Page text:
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Social, Economic and Ecological Impact of Social Forestry in Kolar

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Type: Working Paper
Author: Shiva, Vandana; Sharatchandra, H. C.; Bandyopadhyay, Jayanta
Date: 1981
Agency: Indian Institute of Management, Bangalore, India
URI: https://hdl.handle.net/10535/3735
Sector: Forestry
Region: Middle East & South Asia
Subject(s): community forestry
economic development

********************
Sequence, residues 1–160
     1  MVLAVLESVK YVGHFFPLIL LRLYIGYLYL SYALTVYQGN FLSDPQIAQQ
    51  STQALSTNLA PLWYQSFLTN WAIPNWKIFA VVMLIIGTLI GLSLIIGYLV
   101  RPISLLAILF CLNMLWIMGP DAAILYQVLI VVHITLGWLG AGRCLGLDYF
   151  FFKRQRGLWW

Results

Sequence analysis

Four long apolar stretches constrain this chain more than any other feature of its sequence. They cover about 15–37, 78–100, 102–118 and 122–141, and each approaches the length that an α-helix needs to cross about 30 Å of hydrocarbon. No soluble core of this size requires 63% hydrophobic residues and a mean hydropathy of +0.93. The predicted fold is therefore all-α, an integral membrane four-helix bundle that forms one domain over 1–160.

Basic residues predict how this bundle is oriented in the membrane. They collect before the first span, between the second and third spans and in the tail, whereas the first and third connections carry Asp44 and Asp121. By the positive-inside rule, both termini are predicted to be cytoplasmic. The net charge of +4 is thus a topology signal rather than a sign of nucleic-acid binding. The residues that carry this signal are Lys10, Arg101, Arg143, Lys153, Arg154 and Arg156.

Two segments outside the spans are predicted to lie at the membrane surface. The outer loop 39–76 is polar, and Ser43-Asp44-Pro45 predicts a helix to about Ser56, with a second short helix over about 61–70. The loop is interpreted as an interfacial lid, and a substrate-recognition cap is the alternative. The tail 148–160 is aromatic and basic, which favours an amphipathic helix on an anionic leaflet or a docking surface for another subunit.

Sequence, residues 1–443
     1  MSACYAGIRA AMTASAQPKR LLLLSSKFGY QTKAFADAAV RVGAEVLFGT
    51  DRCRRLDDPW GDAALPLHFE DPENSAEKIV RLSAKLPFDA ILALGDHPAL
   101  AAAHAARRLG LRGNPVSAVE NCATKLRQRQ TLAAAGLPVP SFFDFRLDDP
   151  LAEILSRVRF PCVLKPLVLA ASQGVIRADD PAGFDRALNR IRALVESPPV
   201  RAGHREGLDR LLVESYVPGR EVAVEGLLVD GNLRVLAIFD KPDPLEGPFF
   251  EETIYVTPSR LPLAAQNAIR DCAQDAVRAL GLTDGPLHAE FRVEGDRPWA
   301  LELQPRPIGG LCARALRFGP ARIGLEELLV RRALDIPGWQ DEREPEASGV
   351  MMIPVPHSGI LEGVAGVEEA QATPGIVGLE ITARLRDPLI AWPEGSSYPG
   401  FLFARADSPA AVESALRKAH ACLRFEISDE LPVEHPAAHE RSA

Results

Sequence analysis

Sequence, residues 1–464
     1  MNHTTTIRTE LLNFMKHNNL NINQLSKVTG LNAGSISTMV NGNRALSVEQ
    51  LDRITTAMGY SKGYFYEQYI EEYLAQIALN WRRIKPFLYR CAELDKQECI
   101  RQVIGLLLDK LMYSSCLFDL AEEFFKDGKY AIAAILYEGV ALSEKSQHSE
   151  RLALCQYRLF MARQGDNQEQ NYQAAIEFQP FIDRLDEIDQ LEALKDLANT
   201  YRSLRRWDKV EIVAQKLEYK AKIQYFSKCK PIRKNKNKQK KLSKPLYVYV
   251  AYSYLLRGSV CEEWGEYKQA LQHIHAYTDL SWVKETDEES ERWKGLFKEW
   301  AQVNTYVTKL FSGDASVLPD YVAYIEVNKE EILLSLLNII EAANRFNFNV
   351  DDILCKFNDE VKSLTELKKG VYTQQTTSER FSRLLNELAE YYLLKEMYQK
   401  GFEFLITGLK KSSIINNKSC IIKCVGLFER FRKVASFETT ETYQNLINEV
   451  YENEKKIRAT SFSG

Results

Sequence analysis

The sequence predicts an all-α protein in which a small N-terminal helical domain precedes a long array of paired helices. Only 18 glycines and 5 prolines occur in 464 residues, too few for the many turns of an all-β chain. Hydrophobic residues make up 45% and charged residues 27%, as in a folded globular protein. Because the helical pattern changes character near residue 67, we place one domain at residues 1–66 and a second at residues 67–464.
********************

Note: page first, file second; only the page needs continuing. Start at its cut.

Abstract: "The rapid stride of deforestation in India has led to a great number of problems. At the macro level the resulting accentuation of floods and droughts have led to uncertainties about the level of agricultural production. At the micro level the loss of forest cover has made the satisfaction of basic requirements of forest products of the rural people, like fuel, fodder etc., have become more and more difficult. To provide the rural people with these requirements and to improve the rural eco-system social-forestry programmes have been launched by many state governments in India. The present study analyses the social, economic and ecological impact of social forestry practiced so far in the district of Kolar in the state of Karnataka. It also extends the analysis to the futurological study of a larger social forestry project to be launched in Karnataka in the coming five years with financial help of the World Bank. "It has been observed from the present study that the social forestry in Kolar district, as practised so far, has been lacking in the organisational and economic preconditions for the satisfaction of the basic needs of forest requirements of the rural people to be met by the increased tree cover. It has, however, been highly successful in motivating individual farmers to participate in the farm forestry component of the programme. In this process a substantial amount of new forest cover has emerged at the cost of foodcrop cultivation. The implications of this shift in land use is found to worsen the condition of the landless agricultural labourers as well as the marginal farmers, both in terms of employment opportunities and the availability of food, fodder, fuel and other essential forest produces. The incomes of large and medium farmers have, however gone up. The proposed World Bank aided programme, as an extension of current practises, is expected to accentuate these impacts in the coming few years."

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